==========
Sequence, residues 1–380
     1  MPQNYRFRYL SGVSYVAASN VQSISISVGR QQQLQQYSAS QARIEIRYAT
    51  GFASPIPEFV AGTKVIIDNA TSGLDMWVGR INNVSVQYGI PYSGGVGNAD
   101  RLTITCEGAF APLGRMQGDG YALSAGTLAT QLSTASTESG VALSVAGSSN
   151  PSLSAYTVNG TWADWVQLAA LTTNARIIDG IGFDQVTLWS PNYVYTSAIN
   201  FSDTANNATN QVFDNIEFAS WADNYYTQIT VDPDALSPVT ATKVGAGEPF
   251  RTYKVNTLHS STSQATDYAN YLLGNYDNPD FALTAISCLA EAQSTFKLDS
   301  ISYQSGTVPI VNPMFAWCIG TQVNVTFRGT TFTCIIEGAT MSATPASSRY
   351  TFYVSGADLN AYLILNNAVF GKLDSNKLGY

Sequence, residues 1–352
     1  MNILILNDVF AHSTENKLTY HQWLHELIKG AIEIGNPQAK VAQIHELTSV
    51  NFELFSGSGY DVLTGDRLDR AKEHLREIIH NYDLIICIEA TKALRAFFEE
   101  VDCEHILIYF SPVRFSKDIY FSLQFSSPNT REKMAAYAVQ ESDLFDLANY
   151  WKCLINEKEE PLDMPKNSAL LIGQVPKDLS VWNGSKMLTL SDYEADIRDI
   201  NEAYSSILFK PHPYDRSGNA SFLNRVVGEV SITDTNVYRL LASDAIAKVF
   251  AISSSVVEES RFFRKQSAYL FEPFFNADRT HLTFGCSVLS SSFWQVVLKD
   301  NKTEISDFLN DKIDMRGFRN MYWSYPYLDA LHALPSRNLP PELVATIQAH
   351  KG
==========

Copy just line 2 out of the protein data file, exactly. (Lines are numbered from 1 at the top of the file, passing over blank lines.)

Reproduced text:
     1  MPQNYRFRYL SGVSYVAASN VQSISISVGR QQQLQQYSAS QARIEIRYAT